This week during one of my workouts at Orange Theory, Damien our coach, set the intention of the of the workout. It was perfect because it is in-line with what I have been writing about, being aware. I am going to label it ‘conscious awareness.’ Coach Damian went on to say “be aware of the words that you use when you describe yourself, or you interact with others. When someone asks how you have been, try to respond with how you are feeling instead of starting with the words, I am…”. How you are feeling is a temporary emotion. Using the words, 'I am' conveys more of a permanent state, and when repeated frequently, becomes a part whom you become.
Take for example the following question and the typical answers you may give.
While the question is simple, the way you choose to respond is a result of an autopilot that we have set into place. Do you want to start to build a rapport responding to a simple question like this with a heavy response? I think not. The words you choose and the impact you make should both be taken into consideration while you are attempting to establish a rapport. You need to engage your audience on a positive level.
Often our answers reflect how we are feeling at the time. You may be feeling tired or stressed out, but these feelings are temporary. My challenge to you is to be aware of the automatic responses because they have an impact on your subconscious mind. When you step back, and you become aware of your thoughts and feelings, you start to use a different part of your brain to be aware.
The words you choose during your introduction and initial conversations need to grab attention by letting your audience know what you have to say will benefit them. Do not start your discussions with potentially buzz killing phrases that could have a negative impact on the person. If you want to move your prospect along in the selling cycle and on to the next step of buying your product or service, you need to be positive and optimistic.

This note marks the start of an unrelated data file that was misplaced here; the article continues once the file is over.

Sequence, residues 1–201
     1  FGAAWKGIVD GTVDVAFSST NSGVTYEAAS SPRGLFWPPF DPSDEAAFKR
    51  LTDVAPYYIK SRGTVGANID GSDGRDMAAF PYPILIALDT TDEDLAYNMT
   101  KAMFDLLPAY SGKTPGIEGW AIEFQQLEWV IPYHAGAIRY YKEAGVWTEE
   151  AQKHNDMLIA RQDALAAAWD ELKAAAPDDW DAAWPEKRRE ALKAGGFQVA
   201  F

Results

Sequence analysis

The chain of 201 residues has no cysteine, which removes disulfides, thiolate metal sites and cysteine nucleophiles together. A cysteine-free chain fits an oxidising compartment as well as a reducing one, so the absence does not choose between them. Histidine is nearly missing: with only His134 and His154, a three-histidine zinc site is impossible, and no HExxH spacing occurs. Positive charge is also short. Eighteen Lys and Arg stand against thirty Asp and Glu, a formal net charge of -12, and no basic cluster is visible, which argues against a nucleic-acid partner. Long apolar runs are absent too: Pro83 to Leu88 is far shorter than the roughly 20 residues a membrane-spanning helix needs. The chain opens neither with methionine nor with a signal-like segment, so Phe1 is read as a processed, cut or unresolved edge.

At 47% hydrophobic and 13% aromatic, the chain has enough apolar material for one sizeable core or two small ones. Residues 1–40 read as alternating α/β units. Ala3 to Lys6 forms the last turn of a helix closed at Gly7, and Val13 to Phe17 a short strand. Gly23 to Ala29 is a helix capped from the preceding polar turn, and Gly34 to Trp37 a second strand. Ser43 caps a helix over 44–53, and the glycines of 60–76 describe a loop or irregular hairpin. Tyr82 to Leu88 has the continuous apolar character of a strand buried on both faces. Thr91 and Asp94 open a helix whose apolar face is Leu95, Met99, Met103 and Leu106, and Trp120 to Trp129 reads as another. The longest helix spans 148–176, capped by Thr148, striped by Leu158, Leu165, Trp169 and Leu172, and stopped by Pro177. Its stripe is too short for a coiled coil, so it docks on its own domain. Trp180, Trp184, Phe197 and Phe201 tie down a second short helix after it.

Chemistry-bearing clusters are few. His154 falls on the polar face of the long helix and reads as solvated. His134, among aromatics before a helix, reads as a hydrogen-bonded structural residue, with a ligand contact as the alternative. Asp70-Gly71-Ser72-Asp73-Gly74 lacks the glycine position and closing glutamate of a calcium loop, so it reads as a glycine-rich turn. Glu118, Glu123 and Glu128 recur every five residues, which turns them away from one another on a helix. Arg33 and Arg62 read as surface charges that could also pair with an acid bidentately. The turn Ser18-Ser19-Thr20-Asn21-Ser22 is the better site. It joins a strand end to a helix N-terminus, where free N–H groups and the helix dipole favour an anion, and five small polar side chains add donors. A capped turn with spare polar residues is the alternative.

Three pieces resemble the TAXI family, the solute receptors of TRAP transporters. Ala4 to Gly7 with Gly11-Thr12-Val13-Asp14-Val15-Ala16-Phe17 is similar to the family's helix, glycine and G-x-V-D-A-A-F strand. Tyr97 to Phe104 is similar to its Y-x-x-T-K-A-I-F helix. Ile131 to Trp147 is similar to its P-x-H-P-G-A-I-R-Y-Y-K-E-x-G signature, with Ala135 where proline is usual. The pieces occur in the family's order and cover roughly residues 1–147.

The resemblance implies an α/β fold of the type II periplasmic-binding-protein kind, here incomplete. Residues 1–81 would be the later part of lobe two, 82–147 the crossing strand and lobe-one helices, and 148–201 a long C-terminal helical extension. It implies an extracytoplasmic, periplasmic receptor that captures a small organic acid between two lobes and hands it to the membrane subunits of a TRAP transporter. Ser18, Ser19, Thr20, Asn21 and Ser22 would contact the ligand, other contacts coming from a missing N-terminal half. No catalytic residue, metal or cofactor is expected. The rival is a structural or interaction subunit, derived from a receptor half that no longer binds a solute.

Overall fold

When you are developing your talk track or incorporating what marketing has already created for you, it is crucial to differentiate yourself from your competitors. Find words that make you're offering unique; it could be ridiculously simple or something that aggravates a problem. Try to stay away from harsh words or aggressive terms that may once again cause our prospect’s unconscious mind to shut you out before you even get started.
At the bottom of this post is a downloadable list of words and phrases to incorporate into your “rapport building vocabulary”. In my experience, using words such as absolutely, improve and positively make someone smile. Conversely, words like guaranteed, I think, I might or I'll get back to you soon make your prospects eyebrows raise (and maybe even a lip pucker).
My first sales position was in telemarketing. I used to work for RCA, and I sold extended warranties on appliances. Yep, as I write this, it makes me giggle that I made my start over the telephone. I am here to tell you that we can learn selling tips from telemarketers. The online magazine Call Center Helper wrote an article on the “Top 25 Positive Words, Phrases and Empathy Statements” that lead to creating a positive impact.
It is super important to be careful about what goes into your subconscious mind. Research has shown that words and thoughts get stronger by the repetitions. They eventually stick into the subconscious mind and affect the behavior, actions, and reactions of the persons involved. Our subconscious mind works diligently to make these words and thoughts a reality in the life of the person saying or thinking them so be aware. Take action to incorporate positive words in your day to day selling and eliminate the negative vocabulary.
As always, your sales manager should be able to help you with your “sales vocabulary." Alternatively, give me a call if you want to do any role-playing or would like me to help structure a talk track with you. I am here to help.
Good luck and happy selling.